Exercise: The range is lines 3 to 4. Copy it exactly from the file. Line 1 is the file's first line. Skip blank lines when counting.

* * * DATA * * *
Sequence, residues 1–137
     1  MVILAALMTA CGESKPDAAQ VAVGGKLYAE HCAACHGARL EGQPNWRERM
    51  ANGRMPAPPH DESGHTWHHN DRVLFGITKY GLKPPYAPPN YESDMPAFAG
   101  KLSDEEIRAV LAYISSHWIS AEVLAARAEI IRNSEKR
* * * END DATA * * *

    51  ANGRMPAPPH DESGHTWHHN DRVLFGITKY GLKPPYAPPN YESDMPAFAG
   101  KLSDEEIRAV LAYISSHWIS AEVLAARAEI IRNSEKR